May Our Faith Be Bigger Than Our Fear
Guardian Angels Holy Week At Home
Wednesday, April 8, 2020
Isaiah 50:4-9 / Psalm 69:8-10, 21-22, 31, 33-34 / Matthew 26:14-25
“. . . in your house I shall celebrate the Passover with my disciples.”
As I read the Scripture readings for today, my heart was most captured by the Gospel for the day, as Matthew relates the story of preparations for the Passover. The disciples asked Jesus where he wanted to prepare the meal and Jesus tells them to go into the city and find a certain person and tell them, “. . . in your house I shall celebrate the Passover with my disciples . . .” It was impossible for me to read that without thinking of our own community of faith. So it will be for us tomorrow as we come together to begin the holiest days of the liturgical year. We will gather not at Guardian Angels but in our houses. There will be some pain and some sadness because we cannot be together in our familiar worship space. Those of us who love music and use it as a form of prayer will likely shed some tears as we hear a familiar tune on the Guardian Angels livestream. If that happens, remember today’s Gospel and its reminder that Jesus himself chose someone’s home to share a meal and to prepare for the Way of the Cross. The church is not the building; the church is the people of God, whether gathered in a room or via Zoom.
Putting Our Faith Into Action
What can you do today to prepare your home to celebrate the Passover? Bring out a cherished table covering? Make a special bread? Though we cannot welcome others into our home right now with a dinner invitation, who in your life might you welcome in another way? A call? A virtual dinner party?
What are you doing today to prepare for the Way of the Cross? What particular cross are you being asked to carry along the way this week? Can you find the courage to ask another to share the burden?
Who in your family, your neighborhood or the wider world needs your help to carry a cross this week? How might you act to relieve another’s suffering?
We Shall Walk Through the Valley (music)
We Shall Walk Through the Valley” is an African-American spiritual has been an important part of GA’s holy week tradition for many years. This is a recording of our choir singing it at the end of the 2015 Tenebrae liturgy, as the lit Easter candle is carried back into the church as a sign of hope in the darkness.
Centering Practice for Today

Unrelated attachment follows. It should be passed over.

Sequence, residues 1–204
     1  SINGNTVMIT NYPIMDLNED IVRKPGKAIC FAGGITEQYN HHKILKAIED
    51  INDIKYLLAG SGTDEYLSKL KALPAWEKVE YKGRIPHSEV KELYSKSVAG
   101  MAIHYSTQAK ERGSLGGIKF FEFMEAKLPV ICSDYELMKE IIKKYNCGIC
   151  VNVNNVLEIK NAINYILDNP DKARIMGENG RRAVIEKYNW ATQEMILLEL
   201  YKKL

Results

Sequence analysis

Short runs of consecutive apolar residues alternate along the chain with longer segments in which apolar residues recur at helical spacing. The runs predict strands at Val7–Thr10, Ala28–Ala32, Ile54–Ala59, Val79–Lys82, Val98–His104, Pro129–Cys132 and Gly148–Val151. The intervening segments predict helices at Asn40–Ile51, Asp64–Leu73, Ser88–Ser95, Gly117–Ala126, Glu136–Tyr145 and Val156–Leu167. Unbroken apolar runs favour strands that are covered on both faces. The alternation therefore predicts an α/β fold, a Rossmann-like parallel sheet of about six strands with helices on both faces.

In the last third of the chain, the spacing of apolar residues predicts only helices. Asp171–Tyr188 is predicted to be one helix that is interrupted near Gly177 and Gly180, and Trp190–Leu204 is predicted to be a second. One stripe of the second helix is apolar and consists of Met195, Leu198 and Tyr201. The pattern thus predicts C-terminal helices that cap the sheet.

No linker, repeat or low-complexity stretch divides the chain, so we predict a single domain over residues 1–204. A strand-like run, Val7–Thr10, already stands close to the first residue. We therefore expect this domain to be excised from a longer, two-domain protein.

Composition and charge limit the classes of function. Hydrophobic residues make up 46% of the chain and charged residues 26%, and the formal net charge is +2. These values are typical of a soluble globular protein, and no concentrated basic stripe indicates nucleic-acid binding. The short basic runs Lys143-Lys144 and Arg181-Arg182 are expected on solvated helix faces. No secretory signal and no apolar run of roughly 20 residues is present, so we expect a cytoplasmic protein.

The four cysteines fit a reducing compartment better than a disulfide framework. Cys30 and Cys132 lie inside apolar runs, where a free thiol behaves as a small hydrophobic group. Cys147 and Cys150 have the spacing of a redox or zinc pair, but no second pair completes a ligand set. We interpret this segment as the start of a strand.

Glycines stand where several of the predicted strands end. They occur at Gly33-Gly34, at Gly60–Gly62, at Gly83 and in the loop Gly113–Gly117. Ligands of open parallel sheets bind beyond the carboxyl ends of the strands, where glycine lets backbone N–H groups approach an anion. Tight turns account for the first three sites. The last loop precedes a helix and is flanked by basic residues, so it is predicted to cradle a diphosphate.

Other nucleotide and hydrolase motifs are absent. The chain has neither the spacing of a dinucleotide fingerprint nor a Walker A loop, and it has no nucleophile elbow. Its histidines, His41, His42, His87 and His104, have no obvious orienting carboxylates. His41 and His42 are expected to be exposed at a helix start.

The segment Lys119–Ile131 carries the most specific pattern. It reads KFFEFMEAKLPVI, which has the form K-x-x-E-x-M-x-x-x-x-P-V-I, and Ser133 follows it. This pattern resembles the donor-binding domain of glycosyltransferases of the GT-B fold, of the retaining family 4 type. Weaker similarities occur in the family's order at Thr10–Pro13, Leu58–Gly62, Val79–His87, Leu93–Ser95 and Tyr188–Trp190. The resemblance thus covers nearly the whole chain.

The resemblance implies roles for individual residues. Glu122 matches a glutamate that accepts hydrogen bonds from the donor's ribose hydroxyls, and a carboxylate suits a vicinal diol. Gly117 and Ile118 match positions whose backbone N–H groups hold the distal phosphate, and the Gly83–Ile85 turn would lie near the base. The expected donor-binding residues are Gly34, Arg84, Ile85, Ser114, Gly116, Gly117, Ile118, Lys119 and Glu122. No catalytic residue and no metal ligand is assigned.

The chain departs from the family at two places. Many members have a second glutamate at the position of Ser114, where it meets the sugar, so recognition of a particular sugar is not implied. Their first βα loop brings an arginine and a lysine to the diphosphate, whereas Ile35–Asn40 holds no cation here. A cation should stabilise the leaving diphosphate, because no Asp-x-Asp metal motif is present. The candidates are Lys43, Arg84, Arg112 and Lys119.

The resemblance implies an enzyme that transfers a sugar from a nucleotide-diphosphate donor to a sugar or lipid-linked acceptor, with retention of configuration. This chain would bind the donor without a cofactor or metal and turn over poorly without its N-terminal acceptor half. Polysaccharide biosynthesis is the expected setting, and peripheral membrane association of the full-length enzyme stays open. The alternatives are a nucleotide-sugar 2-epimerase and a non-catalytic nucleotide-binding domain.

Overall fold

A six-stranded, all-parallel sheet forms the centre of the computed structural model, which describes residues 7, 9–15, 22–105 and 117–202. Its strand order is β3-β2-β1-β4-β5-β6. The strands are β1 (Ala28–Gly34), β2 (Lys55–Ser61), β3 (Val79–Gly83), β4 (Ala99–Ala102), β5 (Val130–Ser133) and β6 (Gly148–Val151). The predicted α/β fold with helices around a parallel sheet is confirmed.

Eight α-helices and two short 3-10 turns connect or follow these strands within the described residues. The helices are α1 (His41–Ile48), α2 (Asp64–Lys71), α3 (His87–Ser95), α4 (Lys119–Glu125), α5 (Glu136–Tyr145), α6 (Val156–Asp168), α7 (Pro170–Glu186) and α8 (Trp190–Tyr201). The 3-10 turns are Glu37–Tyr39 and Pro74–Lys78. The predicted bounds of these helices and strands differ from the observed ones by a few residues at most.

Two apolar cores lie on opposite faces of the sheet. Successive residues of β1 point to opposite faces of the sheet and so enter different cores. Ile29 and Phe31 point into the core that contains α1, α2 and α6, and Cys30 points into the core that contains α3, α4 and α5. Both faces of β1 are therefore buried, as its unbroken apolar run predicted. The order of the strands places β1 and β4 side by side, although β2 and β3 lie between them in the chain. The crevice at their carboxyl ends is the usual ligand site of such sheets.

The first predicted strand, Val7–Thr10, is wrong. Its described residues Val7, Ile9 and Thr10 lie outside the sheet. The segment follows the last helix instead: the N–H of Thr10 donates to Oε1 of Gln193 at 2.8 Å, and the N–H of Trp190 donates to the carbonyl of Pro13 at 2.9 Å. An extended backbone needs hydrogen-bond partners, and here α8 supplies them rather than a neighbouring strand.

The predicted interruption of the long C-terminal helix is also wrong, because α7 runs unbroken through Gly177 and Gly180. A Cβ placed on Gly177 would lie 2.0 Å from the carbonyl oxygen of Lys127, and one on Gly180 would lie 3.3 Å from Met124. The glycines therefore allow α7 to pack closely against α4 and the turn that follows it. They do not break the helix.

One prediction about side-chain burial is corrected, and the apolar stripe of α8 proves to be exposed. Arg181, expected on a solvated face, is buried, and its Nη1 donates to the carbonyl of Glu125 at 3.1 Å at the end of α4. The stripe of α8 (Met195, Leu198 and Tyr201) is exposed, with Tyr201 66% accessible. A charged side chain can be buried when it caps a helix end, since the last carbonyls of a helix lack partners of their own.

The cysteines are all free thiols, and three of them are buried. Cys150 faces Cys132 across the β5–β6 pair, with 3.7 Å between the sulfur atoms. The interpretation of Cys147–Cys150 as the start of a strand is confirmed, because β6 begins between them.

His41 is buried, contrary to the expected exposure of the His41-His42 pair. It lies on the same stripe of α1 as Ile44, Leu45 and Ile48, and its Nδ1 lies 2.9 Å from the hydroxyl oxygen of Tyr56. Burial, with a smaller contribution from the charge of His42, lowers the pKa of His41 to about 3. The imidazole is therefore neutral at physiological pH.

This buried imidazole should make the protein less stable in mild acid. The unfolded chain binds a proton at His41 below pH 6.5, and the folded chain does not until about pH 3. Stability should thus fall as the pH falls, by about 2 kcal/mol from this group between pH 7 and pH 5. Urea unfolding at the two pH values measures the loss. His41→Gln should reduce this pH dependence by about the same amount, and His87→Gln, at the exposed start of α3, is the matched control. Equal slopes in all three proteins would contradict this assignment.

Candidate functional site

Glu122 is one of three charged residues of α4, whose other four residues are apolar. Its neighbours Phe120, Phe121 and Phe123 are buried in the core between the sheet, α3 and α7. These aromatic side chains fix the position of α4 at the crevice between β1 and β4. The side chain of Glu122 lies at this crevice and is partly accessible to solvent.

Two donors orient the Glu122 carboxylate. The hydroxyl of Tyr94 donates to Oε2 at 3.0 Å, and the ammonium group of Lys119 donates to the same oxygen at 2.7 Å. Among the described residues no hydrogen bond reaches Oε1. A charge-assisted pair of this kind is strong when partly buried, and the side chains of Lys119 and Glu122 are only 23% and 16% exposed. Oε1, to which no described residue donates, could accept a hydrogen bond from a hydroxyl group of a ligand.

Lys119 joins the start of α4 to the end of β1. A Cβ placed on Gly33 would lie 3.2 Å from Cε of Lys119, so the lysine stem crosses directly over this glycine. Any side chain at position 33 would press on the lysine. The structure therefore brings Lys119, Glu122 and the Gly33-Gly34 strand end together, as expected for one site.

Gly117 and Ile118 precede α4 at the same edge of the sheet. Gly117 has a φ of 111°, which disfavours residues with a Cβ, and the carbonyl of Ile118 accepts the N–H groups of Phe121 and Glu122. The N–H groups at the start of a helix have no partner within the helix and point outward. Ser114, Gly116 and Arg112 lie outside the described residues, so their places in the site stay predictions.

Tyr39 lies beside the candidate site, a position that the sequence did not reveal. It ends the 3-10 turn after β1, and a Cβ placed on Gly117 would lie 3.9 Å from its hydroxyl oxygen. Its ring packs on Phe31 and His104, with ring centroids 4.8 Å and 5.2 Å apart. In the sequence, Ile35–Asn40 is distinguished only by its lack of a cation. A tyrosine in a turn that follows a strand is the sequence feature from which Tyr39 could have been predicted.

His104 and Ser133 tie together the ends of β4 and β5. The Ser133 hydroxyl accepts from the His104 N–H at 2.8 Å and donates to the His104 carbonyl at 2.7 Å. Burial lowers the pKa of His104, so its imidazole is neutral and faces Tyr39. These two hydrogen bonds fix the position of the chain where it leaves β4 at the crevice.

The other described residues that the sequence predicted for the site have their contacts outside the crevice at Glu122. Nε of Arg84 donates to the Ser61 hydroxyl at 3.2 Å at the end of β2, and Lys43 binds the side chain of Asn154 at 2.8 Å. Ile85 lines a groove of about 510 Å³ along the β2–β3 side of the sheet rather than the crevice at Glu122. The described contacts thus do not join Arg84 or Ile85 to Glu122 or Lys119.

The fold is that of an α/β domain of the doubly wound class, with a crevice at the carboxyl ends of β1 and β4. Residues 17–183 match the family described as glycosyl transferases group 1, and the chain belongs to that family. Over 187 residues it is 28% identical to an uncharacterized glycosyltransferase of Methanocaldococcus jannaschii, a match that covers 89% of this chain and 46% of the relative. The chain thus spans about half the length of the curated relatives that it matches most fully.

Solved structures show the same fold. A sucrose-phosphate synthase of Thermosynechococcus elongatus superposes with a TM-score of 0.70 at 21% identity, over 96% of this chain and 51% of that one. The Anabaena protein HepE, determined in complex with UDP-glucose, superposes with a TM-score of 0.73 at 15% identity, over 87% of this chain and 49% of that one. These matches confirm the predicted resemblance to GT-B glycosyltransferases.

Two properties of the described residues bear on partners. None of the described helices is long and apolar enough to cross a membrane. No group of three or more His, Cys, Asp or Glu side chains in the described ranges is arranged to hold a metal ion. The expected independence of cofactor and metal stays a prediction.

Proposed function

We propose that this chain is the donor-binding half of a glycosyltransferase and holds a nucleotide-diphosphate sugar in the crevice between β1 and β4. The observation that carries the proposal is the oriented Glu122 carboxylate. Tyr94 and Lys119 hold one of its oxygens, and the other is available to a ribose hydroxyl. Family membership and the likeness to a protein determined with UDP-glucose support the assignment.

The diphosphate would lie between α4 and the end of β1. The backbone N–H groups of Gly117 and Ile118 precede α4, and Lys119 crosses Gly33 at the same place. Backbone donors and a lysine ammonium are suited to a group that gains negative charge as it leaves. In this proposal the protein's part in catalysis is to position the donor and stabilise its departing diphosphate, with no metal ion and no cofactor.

Breathe deeply, in and out, three times:
- one, to let go of your fears;
- two, to open yourself to the loving presence of God;
- three, to trust Jesus and allow yourself to be led along the pathway of God.
Creator God, bless our efforts to reach out to those who are isolated. Help us to know the words to say that will lighten their spirits in this time of uncertainty and fear. In those moments when we feel overwhelmed with this upside-down world, remind us that you walk before us and know what we need before we ask. Amen.
One of the Twelve, who was called Judas Iscariot,
went to the chief priests and said,
“What are you willing to give me
if I hand him over to you?”
They paid him thirty pieces of silver,
and from that time on he looked for an opportunity to hand him over.
On the first day of the Feast of Unleavened Bread,
the disciples approached Jesus and said,
“Where do you want us to prepare
for you to eat the Passover?”
“Go into the city to a certain man and tell him,
‘The teacher says, "My appointed time draws near;
in your house I shall celebrate the Passover with my disciples.
The disciples then did as Jesus had ordered,
and prepared the Passover.
When it was evening,
he reclined at table with the Twelve.
And while they were eating, he said,
“Amen, I say to you, one of you will betray me.”
Deeply distressed at this,
they began to say to him one after another,
“Surely it is not I, Lord?”
He said in reply,
“He who has dipped his hand into the dish with me
is the one who will betray me.
The Son of Man indeed goes, as it is written of him,
but woe to that man by whom the Son of Man is betrayed.
It would be better for that man if he had never been born.”
Then Judas, his betrayer, said in reply,
“Surely it is not I, Rabbi?”
He answered, “You have said so.”